Going the Distance Is a Not-Very-Good Romantic Comedy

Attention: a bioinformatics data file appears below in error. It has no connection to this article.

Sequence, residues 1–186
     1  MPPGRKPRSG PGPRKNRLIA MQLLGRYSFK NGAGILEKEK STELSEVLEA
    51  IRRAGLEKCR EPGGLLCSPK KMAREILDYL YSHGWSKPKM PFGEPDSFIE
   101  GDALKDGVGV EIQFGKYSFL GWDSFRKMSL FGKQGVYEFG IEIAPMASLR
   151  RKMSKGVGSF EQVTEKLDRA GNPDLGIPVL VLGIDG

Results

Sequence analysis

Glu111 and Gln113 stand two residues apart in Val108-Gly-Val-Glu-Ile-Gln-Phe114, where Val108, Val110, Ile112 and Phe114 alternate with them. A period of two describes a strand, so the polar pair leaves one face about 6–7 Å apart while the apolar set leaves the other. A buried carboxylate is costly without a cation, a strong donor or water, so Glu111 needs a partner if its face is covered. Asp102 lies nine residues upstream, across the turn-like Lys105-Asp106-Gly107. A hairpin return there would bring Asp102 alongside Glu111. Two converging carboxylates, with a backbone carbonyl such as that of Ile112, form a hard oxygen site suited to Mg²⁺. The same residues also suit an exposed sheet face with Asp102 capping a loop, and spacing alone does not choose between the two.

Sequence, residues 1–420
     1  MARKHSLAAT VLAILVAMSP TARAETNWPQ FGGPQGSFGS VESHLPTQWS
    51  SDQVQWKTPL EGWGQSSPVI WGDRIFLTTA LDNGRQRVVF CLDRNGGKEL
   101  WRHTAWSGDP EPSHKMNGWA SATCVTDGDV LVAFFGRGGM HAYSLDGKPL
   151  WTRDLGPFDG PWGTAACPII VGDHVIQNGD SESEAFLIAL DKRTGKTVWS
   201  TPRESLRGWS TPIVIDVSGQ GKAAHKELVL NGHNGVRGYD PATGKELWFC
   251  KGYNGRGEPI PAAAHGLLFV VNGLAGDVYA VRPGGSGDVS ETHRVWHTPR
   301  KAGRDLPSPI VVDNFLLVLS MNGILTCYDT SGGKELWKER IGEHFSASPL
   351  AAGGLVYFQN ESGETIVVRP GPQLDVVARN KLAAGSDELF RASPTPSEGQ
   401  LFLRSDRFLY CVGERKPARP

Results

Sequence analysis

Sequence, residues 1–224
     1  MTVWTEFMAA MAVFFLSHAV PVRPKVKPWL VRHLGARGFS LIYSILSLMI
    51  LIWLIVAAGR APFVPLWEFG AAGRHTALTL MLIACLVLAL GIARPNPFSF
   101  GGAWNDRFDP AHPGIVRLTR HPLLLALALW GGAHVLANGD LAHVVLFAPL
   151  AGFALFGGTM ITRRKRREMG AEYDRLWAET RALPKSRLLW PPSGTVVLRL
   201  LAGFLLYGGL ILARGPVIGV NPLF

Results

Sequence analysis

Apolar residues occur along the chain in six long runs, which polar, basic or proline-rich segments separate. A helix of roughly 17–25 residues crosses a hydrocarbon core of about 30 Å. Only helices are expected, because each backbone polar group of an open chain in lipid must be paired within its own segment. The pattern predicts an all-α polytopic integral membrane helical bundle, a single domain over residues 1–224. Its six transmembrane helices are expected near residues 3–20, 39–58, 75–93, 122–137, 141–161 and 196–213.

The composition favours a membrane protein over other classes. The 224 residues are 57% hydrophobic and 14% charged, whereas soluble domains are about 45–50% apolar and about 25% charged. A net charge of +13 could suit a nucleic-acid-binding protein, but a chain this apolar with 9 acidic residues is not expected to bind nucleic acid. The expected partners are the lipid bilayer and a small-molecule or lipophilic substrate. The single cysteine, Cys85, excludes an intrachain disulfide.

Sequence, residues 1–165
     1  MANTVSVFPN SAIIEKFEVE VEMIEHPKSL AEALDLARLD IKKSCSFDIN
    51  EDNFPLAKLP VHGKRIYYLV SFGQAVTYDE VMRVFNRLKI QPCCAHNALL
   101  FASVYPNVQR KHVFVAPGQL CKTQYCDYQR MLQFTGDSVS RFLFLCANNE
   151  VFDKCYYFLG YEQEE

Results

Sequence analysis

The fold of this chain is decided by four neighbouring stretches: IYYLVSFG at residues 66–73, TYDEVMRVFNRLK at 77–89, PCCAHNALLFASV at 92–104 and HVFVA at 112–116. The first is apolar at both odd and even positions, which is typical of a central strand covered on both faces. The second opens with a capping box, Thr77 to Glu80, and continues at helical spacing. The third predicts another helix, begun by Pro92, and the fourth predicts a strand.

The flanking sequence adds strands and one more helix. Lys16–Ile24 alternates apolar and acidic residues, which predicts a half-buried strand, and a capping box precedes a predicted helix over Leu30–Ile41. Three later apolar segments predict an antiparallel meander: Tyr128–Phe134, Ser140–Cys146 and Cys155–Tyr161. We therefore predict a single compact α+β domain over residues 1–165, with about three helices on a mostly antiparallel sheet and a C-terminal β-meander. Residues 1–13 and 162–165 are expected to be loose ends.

"What really matters is what you like, not what you are like," says John Cusack in High Fidelity, a very good romantic comedy about a thirtysomething man who can't maintain a relationship, partially because he's holding on to stale record-nerd dreams. Going the Distance is a not-very-good romantic comedy about the same kind of guy—Garrett (Justin Long), a frustrated A&R drone at a New York record label who falls for Erin (Drew Barrymore), a 31-year-old newspaper intern. After a six-week fling, Erin returns to school at Stanford, thus forcing this couple to face the distance of the title. As Erin and Garrett struggle to stretch lust across 3,000 miles via Skype, it's hard to maintain much interest in the fate of their union, in part because what they're like is so predicated on what they like, and what they like—they bond over YouTube memes, bar trivia, and The Shawshank Redemption—is so fucking boring. Speaking of "fucking," Distance is rated R because everyone swears excessively for no reason, the supporting cast of smart comedians (Charlie Day, Jason Sudeikis) saddled with delivering painfully dumb, often unnecessarily dirty dialogue. Timely issues keep Erin and Garrett apart—the financial crisis, the changing face of both journalism and the music industry—but their quasi-realistic professional problems aren't anything a little only-in-the-movies magic and moxie can't fix. Nanette Burstein reminds us she was previously a director of documentaries by occasionally shooting with a handheld camera for no discernible reason.

 
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